Blog Wrap Up: Photography, Print Media, and the Power of Pink Panties

This weeks bloggers focus on the economy, emotional reactions to mediated experiences, and of course, social media.

On gnovis…

Trish explores photography and the complex reactions it evokes, especially when depicting suffering or violence.  She offers Freud’s notion of the uncanny as a potential explanation: “How familiar and moving is the experience of waving goodbye as the car drives away from a loved one? We can all relate. Yet, we know that a war is making this lover’s farewell frighteningly tragic.”

Brad offers a breakdown of the recent Facebook Terms of Service controversy and considers the Facebook Group “Facebook Bill of Rights and Responsibilites” as a step in the right direction, but suggests that standardization may the way to go: “I think Facebook is on to something with their so-called “Bill of Rights”, though it remains to be seen how the idea will actually translate to policy. Personally, what I’d love to see is a Bill of Rights for online services in general, a standardized TOS…”

Akoto laments the precarious position of print media, trapped between achieving profitability and offering free content.  In response, Jason frames the issue in a larger context:  “It’s a sad reality impacting publishing companies, magazines, and both local and national news outlets. But I’d also add that free web content is possibly killing off all of the major culture industries…”

Around CCT

Dr. Garcia brings in her recent experiences with her granddaughter, a lecture by Bruno Latour and Yochai Benkler, and the economic crises to discuss social norms.  Reflecting, she calls for “not only an economic stimulus ‘package’, but also–and more importantly-normative guidelines about how the American people’s monies should be spent.”

Also discussing the economy, Elika draws a parallel between Douglass North and Charles Darwin as two men examining long-term, slow evolutionary change: “While both men’s approaches are highly conducive to explaining long-termslow change, they would be hard-pressed to seemlessly fit their models in with sudden, jarring change. Such as an asteroid hitting the Earth and killing off the dinosaurs. Or the financial crisis wreaking havoc on both institutions and organizations.”

Garrison comments on a new haunting Tetris variant, considering the relationship between narrative and the mechanics of gameplay: “No matter how familiar those mechanics may be: As Tetris becomes a dark Lose Weight Exercise in body stacking, the pleasure of closure that should come with every completed row quickly dissipates.”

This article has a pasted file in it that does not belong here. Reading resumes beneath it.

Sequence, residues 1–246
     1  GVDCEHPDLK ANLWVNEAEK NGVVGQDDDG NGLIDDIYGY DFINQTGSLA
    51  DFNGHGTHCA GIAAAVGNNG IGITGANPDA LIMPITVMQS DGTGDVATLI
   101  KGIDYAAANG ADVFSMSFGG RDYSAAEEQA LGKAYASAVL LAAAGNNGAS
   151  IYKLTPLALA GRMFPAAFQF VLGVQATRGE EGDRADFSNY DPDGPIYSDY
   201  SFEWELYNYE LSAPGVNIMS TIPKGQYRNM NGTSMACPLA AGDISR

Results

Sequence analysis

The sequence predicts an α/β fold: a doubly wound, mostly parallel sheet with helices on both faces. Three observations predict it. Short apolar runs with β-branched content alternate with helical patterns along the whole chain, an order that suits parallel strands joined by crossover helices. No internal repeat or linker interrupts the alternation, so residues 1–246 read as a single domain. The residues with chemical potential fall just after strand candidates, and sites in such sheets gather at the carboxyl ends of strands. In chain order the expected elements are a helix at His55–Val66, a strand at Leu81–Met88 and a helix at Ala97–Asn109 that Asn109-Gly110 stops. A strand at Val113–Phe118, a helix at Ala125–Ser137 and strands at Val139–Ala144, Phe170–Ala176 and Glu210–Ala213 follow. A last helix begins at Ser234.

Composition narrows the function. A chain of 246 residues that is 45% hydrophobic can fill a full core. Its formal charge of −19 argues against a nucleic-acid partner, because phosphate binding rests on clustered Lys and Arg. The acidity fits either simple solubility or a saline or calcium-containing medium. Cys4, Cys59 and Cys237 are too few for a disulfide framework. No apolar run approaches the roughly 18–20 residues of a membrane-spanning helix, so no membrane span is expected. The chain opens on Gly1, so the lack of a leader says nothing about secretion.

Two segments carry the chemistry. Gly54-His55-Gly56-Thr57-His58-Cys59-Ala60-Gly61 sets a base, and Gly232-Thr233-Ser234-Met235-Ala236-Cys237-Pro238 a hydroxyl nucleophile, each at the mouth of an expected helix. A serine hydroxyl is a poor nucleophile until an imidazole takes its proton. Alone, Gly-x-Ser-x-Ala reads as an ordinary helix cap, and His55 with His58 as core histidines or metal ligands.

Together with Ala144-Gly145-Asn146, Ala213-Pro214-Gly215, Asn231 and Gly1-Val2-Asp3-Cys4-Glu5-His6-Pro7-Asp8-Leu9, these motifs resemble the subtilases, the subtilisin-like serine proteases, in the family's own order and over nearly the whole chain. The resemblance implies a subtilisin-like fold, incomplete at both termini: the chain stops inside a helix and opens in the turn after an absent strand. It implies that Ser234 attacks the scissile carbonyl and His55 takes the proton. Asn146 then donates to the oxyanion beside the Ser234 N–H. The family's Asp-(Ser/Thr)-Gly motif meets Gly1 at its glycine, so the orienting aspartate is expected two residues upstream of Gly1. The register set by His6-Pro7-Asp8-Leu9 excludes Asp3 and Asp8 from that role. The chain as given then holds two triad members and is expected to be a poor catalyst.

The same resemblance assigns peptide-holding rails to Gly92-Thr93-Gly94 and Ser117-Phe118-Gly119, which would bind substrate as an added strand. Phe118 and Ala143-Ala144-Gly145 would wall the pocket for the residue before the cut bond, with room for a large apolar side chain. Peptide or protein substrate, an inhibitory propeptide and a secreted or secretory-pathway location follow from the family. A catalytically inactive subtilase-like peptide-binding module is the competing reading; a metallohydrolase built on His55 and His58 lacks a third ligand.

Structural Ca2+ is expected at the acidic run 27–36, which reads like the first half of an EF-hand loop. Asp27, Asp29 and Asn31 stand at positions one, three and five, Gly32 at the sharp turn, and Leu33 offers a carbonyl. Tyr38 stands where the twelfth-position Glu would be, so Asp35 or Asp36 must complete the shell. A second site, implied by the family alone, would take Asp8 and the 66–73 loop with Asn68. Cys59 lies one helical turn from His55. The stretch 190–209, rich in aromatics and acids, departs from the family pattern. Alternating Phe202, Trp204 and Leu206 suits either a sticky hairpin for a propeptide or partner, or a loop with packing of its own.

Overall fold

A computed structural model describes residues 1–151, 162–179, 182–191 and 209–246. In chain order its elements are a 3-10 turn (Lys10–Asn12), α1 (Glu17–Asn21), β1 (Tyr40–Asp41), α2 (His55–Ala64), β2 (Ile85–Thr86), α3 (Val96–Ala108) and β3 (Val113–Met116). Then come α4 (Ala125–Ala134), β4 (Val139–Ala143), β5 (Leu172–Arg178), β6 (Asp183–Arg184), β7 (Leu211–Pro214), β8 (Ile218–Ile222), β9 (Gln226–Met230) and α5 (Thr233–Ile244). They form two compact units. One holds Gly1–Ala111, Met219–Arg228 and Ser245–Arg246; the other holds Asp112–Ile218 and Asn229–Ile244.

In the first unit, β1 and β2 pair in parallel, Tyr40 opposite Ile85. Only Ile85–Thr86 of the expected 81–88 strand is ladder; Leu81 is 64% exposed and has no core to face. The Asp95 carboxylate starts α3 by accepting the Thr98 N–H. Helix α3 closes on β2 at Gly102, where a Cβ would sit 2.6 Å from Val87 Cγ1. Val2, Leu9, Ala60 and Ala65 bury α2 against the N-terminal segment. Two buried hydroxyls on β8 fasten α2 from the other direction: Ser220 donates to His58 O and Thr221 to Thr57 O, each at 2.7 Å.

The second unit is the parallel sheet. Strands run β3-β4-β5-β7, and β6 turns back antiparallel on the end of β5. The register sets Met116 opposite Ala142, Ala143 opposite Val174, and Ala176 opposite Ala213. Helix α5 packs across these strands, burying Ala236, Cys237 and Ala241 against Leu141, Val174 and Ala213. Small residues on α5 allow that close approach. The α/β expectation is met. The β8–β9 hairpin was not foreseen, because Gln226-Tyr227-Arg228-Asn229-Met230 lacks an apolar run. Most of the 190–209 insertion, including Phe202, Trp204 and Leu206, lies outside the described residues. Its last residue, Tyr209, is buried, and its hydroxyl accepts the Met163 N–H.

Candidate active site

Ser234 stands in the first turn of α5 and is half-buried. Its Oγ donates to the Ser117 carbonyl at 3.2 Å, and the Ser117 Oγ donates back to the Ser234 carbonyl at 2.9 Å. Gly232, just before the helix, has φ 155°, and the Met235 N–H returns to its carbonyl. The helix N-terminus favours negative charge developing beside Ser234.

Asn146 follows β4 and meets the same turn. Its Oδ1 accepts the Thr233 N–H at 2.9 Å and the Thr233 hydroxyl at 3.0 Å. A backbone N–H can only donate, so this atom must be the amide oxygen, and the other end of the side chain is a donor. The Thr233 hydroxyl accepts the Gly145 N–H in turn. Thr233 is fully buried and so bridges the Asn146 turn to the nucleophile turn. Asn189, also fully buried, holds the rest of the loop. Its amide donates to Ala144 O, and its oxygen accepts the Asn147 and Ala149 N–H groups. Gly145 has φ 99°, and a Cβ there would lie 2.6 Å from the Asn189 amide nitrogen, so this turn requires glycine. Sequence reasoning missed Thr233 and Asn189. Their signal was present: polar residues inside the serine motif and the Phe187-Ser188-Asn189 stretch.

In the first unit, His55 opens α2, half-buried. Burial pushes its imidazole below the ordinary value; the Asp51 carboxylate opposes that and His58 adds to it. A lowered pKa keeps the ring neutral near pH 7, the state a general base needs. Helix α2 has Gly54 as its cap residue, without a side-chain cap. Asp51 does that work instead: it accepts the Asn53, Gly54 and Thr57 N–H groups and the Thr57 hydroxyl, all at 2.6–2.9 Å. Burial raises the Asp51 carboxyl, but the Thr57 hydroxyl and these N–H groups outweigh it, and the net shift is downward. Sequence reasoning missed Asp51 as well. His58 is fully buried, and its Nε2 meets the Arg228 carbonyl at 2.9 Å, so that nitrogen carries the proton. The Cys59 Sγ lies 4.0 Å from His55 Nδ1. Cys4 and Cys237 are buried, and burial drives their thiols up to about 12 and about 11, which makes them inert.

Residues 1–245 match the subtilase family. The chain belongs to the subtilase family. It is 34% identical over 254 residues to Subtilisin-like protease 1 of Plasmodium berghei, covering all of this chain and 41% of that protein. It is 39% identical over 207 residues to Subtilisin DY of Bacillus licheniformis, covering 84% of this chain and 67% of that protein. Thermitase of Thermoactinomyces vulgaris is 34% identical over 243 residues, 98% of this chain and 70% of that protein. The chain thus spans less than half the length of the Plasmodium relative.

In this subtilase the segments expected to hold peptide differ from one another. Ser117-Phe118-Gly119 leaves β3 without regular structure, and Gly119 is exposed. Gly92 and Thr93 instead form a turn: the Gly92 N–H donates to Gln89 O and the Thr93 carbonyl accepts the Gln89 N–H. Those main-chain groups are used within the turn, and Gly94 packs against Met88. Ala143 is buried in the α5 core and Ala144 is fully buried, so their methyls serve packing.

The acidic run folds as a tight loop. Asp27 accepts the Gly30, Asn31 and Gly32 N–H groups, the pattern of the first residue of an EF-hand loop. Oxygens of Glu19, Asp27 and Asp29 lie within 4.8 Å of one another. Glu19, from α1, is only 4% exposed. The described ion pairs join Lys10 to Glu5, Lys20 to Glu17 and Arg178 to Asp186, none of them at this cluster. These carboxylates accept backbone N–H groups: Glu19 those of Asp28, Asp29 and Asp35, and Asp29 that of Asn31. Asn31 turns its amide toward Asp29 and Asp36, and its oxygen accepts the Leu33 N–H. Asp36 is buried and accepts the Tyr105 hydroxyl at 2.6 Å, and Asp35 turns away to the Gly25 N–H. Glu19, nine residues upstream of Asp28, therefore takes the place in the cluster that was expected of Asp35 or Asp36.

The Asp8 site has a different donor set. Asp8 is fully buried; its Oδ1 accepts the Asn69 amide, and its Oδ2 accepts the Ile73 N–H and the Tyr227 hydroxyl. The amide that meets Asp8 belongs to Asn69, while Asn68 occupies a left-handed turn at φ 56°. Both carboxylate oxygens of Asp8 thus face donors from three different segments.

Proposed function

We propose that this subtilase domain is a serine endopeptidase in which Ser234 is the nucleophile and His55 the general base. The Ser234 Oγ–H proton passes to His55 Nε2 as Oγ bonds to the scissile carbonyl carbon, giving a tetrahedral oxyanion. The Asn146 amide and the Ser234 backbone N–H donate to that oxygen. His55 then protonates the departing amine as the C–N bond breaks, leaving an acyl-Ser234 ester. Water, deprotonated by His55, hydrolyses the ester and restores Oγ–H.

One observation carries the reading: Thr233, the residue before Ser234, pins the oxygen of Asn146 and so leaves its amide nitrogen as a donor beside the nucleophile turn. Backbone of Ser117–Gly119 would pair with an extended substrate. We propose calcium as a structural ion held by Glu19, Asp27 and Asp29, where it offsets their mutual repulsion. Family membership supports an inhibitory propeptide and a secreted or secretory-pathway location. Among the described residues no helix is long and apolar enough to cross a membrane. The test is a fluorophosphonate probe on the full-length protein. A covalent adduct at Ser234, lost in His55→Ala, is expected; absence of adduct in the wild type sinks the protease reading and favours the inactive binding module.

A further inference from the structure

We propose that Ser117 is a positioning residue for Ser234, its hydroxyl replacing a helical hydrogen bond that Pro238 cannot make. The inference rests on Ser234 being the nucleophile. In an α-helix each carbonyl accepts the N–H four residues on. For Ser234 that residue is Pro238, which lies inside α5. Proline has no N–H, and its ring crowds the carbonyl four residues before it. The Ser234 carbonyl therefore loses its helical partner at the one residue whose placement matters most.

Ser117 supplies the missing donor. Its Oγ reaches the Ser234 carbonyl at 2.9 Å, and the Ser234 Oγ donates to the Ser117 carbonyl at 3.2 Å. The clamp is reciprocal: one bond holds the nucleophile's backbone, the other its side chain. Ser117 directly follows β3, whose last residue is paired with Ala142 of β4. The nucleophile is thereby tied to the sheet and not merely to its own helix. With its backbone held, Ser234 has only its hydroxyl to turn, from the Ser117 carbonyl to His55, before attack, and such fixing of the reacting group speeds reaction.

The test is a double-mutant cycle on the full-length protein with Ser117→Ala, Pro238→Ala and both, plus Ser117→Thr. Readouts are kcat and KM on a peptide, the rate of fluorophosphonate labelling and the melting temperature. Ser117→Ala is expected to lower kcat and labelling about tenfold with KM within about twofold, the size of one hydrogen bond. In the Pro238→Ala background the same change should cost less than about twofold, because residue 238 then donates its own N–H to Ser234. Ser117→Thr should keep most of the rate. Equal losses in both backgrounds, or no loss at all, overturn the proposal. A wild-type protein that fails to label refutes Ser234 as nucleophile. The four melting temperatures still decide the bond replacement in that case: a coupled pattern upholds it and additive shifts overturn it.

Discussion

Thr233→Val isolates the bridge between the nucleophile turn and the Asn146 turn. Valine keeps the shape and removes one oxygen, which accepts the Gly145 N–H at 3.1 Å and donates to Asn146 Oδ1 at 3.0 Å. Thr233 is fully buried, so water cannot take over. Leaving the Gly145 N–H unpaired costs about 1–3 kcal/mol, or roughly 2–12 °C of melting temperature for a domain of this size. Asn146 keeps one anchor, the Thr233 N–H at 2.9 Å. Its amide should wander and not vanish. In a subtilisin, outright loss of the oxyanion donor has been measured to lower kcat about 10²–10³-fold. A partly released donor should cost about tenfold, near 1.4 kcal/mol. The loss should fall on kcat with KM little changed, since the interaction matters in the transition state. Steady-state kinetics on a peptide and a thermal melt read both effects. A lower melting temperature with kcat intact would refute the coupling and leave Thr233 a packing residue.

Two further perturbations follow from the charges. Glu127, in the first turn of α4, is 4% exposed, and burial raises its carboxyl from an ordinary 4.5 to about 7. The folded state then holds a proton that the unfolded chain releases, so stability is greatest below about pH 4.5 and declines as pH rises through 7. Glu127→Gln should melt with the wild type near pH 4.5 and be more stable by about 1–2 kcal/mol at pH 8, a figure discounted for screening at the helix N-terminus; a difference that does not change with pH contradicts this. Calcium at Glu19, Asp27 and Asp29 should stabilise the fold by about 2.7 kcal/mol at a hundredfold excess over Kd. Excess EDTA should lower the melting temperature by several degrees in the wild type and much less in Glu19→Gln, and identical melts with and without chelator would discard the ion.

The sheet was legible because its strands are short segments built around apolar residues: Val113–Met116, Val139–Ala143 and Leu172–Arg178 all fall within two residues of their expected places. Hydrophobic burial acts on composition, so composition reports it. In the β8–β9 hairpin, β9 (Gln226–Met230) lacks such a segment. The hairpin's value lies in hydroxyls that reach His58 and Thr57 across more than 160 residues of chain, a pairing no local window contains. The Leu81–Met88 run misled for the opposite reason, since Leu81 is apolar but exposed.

Ed. Note:  I strongly recommend checking out both the game and the post by Raph Koster to which Garrison links.  I played the game and found myself in a state of immense stress, torn between the compulsion to keep playing to delay losing, and wanting to hurry up and loseWeight Exercise so it would end.

And on a lighter note

Recounting how a grassroots community in India used social media tools (and pink panties) to take collective action, Gaurav gives insight into the relationships between new media, activism, and cultural identity.

Jess Vitak is looking to rename her blog.  Send in a suggestions to win some Vitak baked goods.

Some kitten comic relief thanks to Jed.

gnovis as course work

We’ve noticed that papers from our journal are finding their way into classrooms.

Peter Bell’s 2003 paper is required reading for a Digital Media Workshop at the University of Florida.

Lindsay Pettingill’s Summer 2008 paper on “Engagement 2.0″ is rumored to be required for a Media Studies course at the New School.

CCT visiting professor Kimberly Metzler included several articles from our “New Media, Technology & Democracy” Special Issue in her fall 2008 class on Politics and Persuasive Communication, and tapped one of Trish’s blog posts for her spring 2009 course on the Cultural Politics of Television.

Has anybody else come across gnovis articles being used in their courses? Leave a comment if you have… we’d love to know.

Margarita Rayzberg

After receiving her B.S. in international business from Northeastern University, Margarita worked at a start up management consulting firm specializing in innovation for the service sector. A growing interest in the role of technology in development brought her to CCT where she wrote her thesis on the sociotechnical conditions that made possible the establishment of a rural real estate market in Vilcabamba, Ecuador. She is currently working for a research group focusing on microfinance and scheming her future in academia.